Introduction: Truth can be scaryMarch 31, 2007
I’ve struggled for a while about how to put everything I’ve been learning into words. When people ask me “Hey what’s up?” I’m either lost for words or they lose 2 to 5 hours of their day and come away with a head-ache. The reason for starting this blog is that I want to make an attempt at communicating the things I am learning and to recruit other people in helping me work through all of this. I have been looking at science, I have been looking into history, and cultures, and religions. I have been analyzing the universe and our culture’s way of presenting truth. I’m seeing a lot of things that don’t line up, there’s a lot of things that don’t make sense. More importantly, there is a vast majority of information that people don’t look at, either because they don’t know or because they willfully reject it. I think everyone is guilty of this and I have been trying to purge it in myself. This blog is not about me. It’s about the world, and it’s about you. I think that everyone here will find something that may ultimately challenge their beliefs, and it should or you’re not listening. To that end I’m going to start off this journal with a warning, from a couple people far more articulate than I:
Tell all the Truth but tell it slant—
Success in Cirrcuit lies
Too bright for our infirm Delight
The Truth’s superb surprise
As Lightening to the Children eased
With explanation kind
The Truth must dazzle gradually
Or every man be blind—
The most merciful thing in the world, I think, is the inability of the human mind to correlate all its contents. We live on a placid island of ignorance in the midst of black seas of infinity, and it was not meant that we should voyage far. The sciences, each straining in its own direction, have hitherto harmed us little; but some day the piecing together of dissociated knowledge will open up such terrifying vistas of reality, and of our frightful position therein, that we shall either go mad from the revelation or flee from the light into the peace and safety of a new dark age.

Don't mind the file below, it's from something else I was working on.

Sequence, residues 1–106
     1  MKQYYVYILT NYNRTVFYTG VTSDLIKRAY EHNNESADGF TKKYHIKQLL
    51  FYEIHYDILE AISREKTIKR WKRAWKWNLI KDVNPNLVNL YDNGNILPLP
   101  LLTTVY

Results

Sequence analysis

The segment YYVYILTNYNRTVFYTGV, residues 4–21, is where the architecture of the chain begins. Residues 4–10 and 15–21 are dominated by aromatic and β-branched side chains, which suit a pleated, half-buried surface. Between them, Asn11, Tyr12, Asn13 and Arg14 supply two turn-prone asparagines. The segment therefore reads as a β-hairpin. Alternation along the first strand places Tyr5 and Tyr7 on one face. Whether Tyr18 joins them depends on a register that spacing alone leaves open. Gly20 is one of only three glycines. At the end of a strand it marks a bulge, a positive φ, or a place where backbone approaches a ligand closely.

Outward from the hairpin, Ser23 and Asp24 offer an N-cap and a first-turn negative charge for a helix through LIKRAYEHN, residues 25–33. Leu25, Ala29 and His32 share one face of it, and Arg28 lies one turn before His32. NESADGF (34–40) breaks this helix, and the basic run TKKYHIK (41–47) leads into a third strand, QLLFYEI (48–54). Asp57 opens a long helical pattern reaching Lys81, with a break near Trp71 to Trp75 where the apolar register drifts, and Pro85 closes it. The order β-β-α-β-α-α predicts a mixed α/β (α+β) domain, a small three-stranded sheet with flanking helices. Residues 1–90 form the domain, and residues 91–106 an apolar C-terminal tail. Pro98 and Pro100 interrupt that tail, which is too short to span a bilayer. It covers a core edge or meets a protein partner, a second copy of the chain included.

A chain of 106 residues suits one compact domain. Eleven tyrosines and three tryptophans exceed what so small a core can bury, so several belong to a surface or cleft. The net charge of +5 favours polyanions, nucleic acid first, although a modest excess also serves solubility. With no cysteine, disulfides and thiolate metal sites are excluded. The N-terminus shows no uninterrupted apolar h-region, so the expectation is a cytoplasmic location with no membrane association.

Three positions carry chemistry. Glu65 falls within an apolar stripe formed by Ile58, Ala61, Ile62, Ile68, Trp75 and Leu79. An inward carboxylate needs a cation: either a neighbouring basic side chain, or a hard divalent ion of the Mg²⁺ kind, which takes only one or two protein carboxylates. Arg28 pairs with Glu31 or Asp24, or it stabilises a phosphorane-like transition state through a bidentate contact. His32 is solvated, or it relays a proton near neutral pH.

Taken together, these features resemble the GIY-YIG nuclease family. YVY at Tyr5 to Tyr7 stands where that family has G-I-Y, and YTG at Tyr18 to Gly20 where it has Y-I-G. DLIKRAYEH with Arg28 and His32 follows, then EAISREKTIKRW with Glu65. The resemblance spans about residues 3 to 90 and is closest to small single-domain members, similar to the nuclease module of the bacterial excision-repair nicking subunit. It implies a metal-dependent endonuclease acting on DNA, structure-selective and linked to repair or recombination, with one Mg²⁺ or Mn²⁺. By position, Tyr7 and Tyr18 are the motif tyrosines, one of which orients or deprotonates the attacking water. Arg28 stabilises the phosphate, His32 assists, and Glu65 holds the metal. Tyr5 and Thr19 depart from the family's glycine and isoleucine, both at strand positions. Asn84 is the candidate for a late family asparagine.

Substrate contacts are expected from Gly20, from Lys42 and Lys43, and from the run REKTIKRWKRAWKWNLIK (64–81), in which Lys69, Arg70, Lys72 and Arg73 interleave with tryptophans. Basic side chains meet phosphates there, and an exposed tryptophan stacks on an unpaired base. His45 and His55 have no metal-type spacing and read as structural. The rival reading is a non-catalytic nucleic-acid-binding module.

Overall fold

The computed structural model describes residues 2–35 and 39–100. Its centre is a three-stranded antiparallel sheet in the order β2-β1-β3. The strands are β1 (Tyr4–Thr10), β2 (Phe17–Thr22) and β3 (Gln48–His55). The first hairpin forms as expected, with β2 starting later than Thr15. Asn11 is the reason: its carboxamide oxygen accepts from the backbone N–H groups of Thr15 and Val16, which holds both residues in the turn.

It is not my intention to scare anyone off. Though I have to wonder if these two knew something most of us do not. I disagree with Lovecraft in that I do not believe all truth is scary. Quite to the contrary I find scientific discovery exhilarating and exciting. It’s just when the world does not line up with your beliefs, which one do you chose? That question stands for everyone – my Christian friends, my atheist friends, evolutionists, and I-dont-really-know-ists, and the poor guy who ran across this site on accident. I hope I can challenge you and I ask you to challenge me. We’re all humans, and I’d hope we’re all searching.
(Sorry the first two posts are vague. It’s all numbers and facts after this.)
Further Comments: It does seem fairly arrogant in retrospect to think that I could come to a happy conclusion when so many others have found either insanity or despair when looking too deeply at the universe. My positive assumption came largely from the verse John 8:32 when Jesus said “Then you will know the truth, and the truth will set you free”. My question I would pose to you is does freedom necessarily correlate with happiness? You can be set free from any connection to the world, free of human morality, or free of daily concerns that keep you moving forward. If you take, for example, the first half of the first Matrix movie ‘freedom’ means waking up to a nightmare worse than you’d ever conceived of, having a metal spike ripped from your head and being flushed into a pool of rotting human remains. Perhaps, dear traveller, you should seek happiness, not truth.